Piano Bench

Doesn’t Vladimir look happy? See that big smile? Is it because he is one of the world’s greatest pianists? No, it is because Vladimir Horowitz has a happy butt.

I never knew about piano bench pads, probably because I never spent enough time sitting on one. During my brief piano lesson era, I was able to condense my teacher’s practice requirements to a quick few scales per day, perhaps the reason I am not one of the world’s greatest pianists. Perhaps not even a pianist. Okay, I am just a shitty piano player. But my spouse is decent. He’s no Horowitz but after 12 years of piano lessons, he does a nice job. And now that he is “retired,” he’s spent a fair amount of time tickling the ivories.

So I should not have been surprised when he, known in college as one of the “butt-less wonders” of Blaisdell dorm, floor 2, needed some padding.

First he took matters into his own hands and ordered himself a very ugly, orange, pseudo-leather pad for the piano bench. In his defense, the picture looked brown, but it was decidedly orange on arrival. And our house is devoid of orange.

Being income-less, I assured him that the best course was to return the ugly not-so-cheap orange, not-leather pad and let me take on the task of comforting his tush. I set out for JoAnn Fabrics, located the pads department, and dragged a 3-inch pad to the cutter counter. So far so good.

But the cutter person said she could only cut one side. Huh? Okay then, but how does one cut a 3-inch pad pray tell? With an electric knife. Excellent! I have one of those. It is one of the items salvaged from my parents’ stash of 1970s things.

She cut a nice straight line.

I took the pad home and instructed my budding Vladimir to cut the other side. He questioned the electric knife, but I reassured him. He, however, does not have the skills of the JoAnn cutter so the cut was a little jagged. I won’t say it looked like Otis the dog gnawed it off, but it wasn’t “clean.” Oh well, onward.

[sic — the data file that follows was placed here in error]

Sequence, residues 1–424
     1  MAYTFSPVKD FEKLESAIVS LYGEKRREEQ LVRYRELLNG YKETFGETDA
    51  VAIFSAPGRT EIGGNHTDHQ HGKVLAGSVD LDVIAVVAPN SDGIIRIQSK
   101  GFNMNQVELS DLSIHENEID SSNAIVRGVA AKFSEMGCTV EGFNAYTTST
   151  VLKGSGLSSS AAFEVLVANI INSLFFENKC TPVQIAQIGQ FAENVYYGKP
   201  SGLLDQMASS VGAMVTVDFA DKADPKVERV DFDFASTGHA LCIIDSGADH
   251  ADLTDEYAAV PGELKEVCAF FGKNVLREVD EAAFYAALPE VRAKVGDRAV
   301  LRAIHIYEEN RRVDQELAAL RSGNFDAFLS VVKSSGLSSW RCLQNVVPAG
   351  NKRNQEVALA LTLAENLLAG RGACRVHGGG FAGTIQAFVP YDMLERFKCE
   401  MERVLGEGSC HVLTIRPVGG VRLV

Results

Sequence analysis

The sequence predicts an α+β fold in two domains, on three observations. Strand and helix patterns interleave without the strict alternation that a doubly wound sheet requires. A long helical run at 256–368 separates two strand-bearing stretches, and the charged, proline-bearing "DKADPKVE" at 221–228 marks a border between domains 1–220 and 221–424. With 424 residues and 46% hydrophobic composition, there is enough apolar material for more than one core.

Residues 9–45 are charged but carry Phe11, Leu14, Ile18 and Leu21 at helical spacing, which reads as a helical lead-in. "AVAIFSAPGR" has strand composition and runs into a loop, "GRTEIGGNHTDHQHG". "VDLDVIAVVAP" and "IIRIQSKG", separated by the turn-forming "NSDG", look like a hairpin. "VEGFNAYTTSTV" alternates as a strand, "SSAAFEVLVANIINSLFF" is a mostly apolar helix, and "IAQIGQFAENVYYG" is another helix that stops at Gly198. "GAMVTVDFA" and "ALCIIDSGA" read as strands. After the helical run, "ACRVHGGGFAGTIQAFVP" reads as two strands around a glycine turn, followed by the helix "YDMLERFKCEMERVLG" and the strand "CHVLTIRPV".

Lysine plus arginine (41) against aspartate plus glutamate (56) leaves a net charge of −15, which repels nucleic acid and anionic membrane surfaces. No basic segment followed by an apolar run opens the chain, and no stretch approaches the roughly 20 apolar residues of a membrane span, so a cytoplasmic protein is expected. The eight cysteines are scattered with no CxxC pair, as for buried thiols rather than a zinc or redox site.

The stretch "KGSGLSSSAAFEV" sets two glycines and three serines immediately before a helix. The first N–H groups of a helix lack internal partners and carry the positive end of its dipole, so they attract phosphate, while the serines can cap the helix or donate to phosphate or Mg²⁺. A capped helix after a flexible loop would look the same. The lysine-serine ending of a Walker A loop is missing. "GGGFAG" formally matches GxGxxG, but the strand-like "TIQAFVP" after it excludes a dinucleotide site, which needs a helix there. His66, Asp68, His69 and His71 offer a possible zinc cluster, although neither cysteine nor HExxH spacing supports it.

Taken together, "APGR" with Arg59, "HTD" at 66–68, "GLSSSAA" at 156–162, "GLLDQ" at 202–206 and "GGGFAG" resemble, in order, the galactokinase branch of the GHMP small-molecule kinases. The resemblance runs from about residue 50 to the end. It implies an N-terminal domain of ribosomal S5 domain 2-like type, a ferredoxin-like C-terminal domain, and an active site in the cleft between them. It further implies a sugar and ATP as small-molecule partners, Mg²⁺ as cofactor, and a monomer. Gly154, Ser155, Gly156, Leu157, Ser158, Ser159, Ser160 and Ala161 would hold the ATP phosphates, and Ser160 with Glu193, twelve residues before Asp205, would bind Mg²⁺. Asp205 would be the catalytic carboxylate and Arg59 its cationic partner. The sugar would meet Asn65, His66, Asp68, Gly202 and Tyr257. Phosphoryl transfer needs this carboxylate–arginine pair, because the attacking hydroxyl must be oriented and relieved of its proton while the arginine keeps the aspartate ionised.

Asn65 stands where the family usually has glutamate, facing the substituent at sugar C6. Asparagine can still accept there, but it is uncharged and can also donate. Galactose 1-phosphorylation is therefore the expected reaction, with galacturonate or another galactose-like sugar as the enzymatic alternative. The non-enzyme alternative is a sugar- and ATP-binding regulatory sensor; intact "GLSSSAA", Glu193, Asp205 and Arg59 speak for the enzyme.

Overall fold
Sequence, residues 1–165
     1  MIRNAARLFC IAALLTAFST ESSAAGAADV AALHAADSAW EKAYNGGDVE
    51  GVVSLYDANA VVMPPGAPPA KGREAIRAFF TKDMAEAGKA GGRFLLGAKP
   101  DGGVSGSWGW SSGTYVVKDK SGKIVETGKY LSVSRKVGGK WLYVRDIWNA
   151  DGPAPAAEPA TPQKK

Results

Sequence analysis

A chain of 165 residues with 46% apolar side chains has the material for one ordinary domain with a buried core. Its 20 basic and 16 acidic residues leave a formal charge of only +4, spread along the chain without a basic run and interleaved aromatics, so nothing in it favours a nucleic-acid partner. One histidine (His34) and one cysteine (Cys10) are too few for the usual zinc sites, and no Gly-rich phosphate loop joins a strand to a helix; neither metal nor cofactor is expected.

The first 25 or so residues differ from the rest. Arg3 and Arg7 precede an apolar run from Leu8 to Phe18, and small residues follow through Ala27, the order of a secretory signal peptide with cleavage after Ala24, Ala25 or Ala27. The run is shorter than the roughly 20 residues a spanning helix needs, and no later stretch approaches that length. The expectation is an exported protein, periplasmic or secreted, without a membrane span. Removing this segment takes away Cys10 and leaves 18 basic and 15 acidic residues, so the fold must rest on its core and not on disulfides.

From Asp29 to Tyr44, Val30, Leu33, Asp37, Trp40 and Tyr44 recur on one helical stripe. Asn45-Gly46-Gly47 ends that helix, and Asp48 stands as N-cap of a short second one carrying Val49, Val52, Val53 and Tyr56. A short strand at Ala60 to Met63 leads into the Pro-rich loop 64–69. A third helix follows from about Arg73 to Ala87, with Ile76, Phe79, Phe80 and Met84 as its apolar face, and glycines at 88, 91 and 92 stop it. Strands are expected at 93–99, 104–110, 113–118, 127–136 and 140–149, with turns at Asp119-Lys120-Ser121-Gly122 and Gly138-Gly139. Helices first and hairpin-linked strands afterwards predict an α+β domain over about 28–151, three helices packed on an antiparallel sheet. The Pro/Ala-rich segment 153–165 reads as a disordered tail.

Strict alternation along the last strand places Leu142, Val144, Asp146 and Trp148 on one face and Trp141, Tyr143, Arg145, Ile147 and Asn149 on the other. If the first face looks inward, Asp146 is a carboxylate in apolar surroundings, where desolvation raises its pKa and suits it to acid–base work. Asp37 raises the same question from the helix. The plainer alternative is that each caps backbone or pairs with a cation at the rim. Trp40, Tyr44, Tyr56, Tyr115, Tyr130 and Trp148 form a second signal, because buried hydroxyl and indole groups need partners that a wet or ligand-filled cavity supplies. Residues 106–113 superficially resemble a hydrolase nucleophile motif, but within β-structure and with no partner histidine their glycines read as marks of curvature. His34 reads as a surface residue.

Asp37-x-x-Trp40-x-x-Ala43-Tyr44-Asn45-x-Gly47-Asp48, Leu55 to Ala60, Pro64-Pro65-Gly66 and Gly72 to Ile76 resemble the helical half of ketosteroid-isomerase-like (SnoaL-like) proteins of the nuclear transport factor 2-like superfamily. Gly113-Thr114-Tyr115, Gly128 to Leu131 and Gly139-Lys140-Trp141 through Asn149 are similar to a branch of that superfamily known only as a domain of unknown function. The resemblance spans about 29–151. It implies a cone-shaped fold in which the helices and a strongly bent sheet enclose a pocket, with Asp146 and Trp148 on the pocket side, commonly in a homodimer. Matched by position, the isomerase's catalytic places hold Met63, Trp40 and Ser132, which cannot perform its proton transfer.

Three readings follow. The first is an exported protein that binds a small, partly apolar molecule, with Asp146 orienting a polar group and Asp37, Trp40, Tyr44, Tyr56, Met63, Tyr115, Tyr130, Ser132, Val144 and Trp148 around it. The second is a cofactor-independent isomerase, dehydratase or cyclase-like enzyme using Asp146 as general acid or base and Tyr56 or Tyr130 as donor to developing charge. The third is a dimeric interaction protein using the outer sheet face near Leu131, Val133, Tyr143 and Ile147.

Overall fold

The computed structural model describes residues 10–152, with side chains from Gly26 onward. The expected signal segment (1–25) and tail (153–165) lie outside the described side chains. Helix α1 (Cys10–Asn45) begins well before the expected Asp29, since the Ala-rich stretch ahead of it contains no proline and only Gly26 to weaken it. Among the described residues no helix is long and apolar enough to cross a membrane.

I located some fabric in basement storage, left over from when we had our dining room chairs recovered.

Aside: I use the term “our” haltingly, because, like the electric knife, the dining room chairs came from my parents. The only difference was 40 years. They purchased the dining room chairs in 1938 and the electric knife decades later. We had the dining room chairs recovered, re-glued, and rebuilt, but our 38 years of abuse have taken their toll. Last summer, we made the momentous decision to replace the remaining three of six chairs.

All of this to say that the fabric is available, begging to be repurposed after years in the basement.

Pad? Check. Fabric? Check? All that is left is assembly. What could go wrong? (See checkbook post.)

I started by Googling “DIY piano bench pads,” initially encouraged by the number of posts, then dashed as I began reading them. All posters were more DIY proficient than I.

So, I texted my crafty friend and trundled down to her abode with my pad and fabric. She had advice, instructions; my head began to spin. I fixated on the fact that I had used a local seamstress for some small projects, and as my crafty friend gave instruction, I became more convinced that the local seamstress was my ticket to success.

Today I phoned her. She cannot possibly entertain such project until after Christmas.

Hmm. What to do? I considered glue or staples, delay, or just defaulting to Amazon. I am consumed with the enormity of the task. Like Rome, a pad isn’t built in a day.

Perhaps I could put the pad on a board, staple the fabric to the board, fashion the corners in some way … but wait! The staples will scratch the already scratched piano bench, rendering it more scratched. So let’s add an old towel, glued on the bottom. NO, NO then the audience will see the towel lurking under the pad +fabric contraption. Okay, how about a hunk of sheet? Is that enough to pad the staple? Can I glue that onto the board? Or will the whole shebang stick to the piano bench like old gum to the bottom of a movie theater seat?

I don’t know. I don’t know. Stay tuned.

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